When this thinking was applied to oilfield bit design, the results were surprising. Straighter holes have resulted in friction factors that defy conventional expectations. Bit life has been extended greatly. Circulation time as a percent of below-rotary hours was reduced to 10-12% on average, demonstrating the efficiency with which the cuttings are being circulated out of the well.
Short trips were reduced or eliminated. Log quality and ease of running logging tools was improved. Cement job success rate was nearly 100%, with cement bond logs to demonstrate the high quality of the job. MWD and LWD (measurement-while-drilling and logging-while-drill-ing) failures were reduced due to the drastic reduction in downhole vibration. Lost-in-hole risk was reduced. Entire hole intervals were drilled in record times repeatedly.
Of note is that the drilling system employed required changes to the bit design as well as changes to the positive displacement mud motor design. While these benefits apply to the vast majority of wells being drilled today, the reduction in friction delivered by this new system is of particular value for pushing the extended reach envelope even further than previously thought possible. Micro-tortuosity affects almost every aspect of drilling and completing a well:
- Bit life and MWD/LWD tool reliability: Bits that were designed to cut away the side of the hole as well as the hole in front of it tend to drill a spiral hole with bit vibrations, resulting in shorter bit life. The same vibration that destroys the bit also travels up the drill string and can lead to a premature MWD/LWD failure.
- Hole cleaning: Due to the rugosity of the spiral wellbore, cuttings will travel a tortuous path and will encounter a trough every 2-10 ft (depending on the pitch of the spiral). When using the new drilling system with the long gauge bit, entire intervals have been drilled without short trips and with greatly reduced circulating hours.
- Rate of penetration: Stabilizers will tend to hang up in a spiral hole, especially in a non-rotating (sliding) mode. This mechanism explains the reduction in sliding rates of penetration (ROP) relative to rotating ROP that is generally recognized as a universal phenomenon.
- Stabilizer wear: Stabilizer hang up in spiral holes would also result in the excessive wear on the leading and trailing edge of stabilizers that has been observed on numerous wells.
- Torque and drag: The torque and drag in the wellbore often determine the success of drilling extended reach or horizontal wells.
- Logging tool response: Spiraled boreholes have long plagued wireline and LWD service companies and have led to totally ambiguous responses from resistivity, density, neutron, and other logging sensors.
- Cementing: The spiral borehole described previously is equivalent to a continuous thread in the well. There are no cased hole logging tools in existence today that can measure minimum cement thickness that wraps around the casing in a cement job, so it has escaped detection so far.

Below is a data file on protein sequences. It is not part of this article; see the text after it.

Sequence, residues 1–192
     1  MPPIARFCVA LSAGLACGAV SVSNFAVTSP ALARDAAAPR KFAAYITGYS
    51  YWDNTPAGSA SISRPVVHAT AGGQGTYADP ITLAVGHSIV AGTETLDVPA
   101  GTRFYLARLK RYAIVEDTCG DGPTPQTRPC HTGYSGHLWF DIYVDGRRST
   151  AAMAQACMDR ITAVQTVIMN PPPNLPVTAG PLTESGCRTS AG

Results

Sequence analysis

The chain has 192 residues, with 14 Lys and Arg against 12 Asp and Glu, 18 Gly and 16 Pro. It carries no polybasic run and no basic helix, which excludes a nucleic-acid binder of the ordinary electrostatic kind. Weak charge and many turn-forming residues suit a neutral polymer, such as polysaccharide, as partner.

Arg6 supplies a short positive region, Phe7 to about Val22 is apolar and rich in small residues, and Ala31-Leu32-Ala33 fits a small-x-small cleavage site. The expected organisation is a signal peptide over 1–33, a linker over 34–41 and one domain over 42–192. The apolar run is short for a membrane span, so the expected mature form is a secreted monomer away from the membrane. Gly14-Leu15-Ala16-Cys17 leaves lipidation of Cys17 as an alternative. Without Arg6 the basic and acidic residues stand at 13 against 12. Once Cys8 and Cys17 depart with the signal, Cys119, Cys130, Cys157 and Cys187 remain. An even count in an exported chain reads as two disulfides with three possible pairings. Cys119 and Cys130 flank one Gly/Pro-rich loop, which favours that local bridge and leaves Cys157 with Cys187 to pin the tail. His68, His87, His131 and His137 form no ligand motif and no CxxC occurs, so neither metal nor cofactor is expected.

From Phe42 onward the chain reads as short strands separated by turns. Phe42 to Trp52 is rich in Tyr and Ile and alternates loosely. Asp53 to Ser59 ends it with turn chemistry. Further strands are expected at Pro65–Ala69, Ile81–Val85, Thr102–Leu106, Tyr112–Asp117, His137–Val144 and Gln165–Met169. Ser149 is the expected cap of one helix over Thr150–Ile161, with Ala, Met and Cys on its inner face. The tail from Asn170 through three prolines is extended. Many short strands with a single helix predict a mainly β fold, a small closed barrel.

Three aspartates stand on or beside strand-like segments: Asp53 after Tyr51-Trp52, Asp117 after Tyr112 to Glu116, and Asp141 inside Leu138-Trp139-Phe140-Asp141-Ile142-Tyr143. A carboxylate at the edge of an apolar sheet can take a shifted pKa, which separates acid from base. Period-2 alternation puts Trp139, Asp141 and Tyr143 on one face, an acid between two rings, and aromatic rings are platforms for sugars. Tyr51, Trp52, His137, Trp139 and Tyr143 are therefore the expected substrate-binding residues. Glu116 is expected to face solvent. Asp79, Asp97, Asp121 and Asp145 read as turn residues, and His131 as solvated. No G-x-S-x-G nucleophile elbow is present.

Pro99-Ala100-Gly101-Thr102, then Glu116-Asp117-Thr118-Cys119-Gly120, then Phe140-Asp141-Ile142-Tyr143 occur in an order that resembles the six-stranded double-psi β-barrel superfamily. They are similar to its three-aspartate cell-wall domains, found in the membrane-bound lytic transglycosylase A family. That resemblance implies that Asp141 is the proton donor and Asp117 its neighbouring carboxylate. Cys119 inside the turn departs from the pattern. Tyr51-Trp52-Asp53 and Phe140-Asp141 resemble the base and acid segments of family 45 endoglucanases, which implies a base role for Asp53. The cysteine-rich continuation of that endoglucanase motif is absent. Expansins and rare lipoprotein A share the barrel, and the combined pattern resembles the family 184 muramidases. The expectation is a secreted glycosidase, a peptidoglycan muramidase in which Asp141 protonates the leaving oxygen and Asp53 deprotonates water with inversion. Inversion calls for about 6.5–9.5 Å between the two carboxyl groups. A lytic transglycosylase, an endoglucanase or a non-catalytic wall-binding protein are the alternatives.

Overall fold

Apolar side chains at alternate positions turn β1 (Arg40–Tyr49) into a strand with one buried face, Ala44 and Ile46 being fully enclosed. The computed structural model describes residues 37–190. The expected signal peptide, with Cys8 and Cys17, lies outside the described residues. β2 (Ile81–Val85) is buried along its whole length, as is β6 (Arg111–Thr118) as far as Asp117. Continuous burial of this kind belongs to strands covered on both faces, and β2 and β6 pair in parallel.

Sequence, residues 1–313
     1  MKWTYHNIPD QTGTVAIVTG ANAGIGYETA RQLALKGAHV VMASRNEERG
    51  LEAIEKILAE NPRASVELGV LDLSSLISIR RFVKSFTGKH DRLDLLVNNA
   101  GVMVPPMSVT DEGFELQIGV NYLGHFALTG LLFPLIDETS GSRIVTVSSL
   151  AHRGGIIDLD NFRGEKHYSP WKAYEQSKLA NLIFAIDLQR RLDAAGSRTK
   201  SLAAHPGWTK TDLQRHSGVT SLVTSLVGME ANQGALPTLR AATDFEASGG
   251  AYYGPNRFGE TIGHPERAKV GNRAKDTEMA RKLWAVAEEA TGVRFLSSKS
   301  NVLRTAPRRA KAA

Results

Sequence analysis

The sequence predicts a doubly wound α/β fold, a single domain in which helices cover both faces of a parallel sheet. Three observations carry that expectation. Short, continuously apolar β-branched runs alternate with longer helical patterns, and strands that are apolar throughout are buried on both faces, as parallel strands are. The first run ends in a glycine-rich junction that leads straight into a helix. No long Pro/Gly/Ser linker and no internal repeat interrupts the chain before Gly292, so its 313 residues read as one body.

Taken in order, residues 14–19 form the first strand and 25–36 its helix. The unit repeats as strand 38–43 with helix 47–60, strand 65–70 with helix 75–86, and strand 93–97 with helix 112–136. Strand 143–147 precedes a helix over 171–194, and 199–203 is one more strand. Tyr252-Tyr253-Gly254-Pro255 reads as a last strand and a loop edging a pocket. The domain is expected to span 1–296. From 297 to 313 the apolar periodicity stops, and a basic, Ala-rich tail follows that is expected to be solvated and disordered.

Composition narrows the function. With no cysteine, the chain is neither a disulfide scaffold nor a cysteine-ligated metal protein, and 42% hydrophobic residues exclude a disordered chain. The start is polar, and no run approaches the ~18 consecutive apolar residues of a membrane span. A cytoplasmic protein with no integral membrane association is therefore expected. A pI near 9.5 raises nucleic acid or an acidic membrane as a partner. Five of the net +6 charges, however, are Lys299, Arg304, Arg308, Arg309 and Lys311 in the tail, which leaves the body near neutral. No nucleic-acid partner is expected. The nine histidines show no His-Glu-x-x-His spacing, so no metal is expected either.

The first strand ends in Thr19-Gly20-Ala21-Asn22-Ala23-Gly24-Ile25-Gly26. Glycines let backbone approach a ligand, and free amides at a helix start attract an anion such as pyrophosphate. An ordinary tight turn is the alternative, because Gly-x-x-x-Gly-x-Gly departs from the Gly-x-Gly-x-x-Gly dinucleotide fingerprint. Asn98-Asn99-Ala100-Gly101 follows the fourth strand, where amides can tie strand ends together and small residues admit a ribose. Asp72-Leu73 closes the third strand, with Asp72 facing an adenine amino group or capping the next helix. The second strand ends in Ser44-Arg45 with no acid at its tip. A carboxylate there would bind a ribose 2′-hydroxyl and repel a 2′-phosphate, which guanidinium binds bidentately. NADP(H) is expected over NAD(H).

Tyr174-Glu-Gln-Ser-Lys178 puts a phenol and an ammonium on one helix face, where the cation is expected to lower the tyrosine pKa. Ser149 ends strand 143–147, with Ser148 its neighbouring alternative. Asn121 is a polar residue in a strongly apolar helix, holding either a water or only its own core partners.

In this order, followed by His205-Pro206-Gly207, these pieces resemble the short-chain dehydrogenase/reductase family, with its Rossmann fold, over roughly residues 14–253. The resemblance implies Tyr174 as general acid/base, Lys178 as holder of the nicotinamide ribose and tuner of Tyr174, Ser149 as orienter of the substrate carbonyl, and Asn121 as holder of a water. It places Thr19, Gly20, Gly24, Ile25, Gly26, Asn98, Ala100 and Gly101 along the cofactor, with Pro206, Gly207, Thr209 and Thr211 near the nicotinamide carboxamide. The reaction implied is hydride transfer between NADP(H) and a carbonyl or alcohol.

- Gravel packing: In gravel packing wells, and especially inclined wells, a good distribution of gravel over the entire gravel pack interval is the design goal. A gravel pack screen that has been run in a spiral wellbore faces the same annular clearance issues described above. The tortuous path the gravel is required to travel may well be the root cause of many of the early sand-out problems that have been experienced.
Tortuosity has been redefined as having two components: macro-tortuosity and micro-tortuosity. Macro-tortuosity can be detected by examining survey results. Micro-tortuosity is a smaller scale dogleg that will not show up in MWD survey data. Advanced wireline survey techniques or MWD caliper tools can detect it.
Micro-tortuosity commonly exists in the form of hole spiraling. Analysis of hundreds of wells indicates that micro-tortuosity exists in many of the wells being drilled today. Friction factors back-calculated in the torque and drag model are used to quantify the micro-tortuosity. Data indicates that micro-tortuosity is an important component in total tortuosity.
Many factors contribute to hole spiraling or micro-tortuosity, but the most significant issue is the bit design. There is abundant evidence that long gauge bits eliminate hole spiraling. To exploit the benefits of long gauge bits, a new motor system has been designed to be able to steer the long gauge bit. The same benefits are available from "point-the-bit" rotary steerable tools.
Field data using the new drilling system have shown a much lower friction factor compared to that from any existing drilling system. This suggests that only by removing micro-tortuosity, can one drill a truly smooth wellbore, regardless of the technology employed to steer the well.
Eliminating or reducing spiraling quantifiably improves nearly every facet of the drilling operation. None of these improvements can be realized by a likewise reduction in steering-related macro-tortuosity. Micro-tortuosity should be routinely considered in torque and drag modeling exercises. Until then, the industry will make decisions on field development that are based on extended-reach-drilling limits susceptible to dramatic improvement at little cost.
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Payne, M., Abbassian, F. "Advanced Torque and Drag Considerations in Extended-Reach Wells" IADC/SPE #35102, 1996 IADC/SPE Drilling Conference, New Orleans, Louisiana.
Guild, G., Hill, T., Summers, M. "Designing and Drilling Extended Reach Wells," Petroleum Engineer International, January 1995.
MacDonald, G., Lubinski, A. "Straight-Hole Drilling in Crooked-Hole Country," Drilling and Production Practice, API 1951.
Woods, H., Lubinski, A. "How to Determine Best Hole And Drill-Collar Size," The Oil and Gas Journal, June 7, 1954.
Gaynor, T., Chen, D., Maranuk, C., Pruitt, J. "An Improved Steerable System: Working Principles, Modeling, and Testing," SPE #63248, 2000 SPE Annual Technical Conference and Exhibition, Dallas, Texas.
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Editor's Note: This is an updated version of SPE/IADC #67818.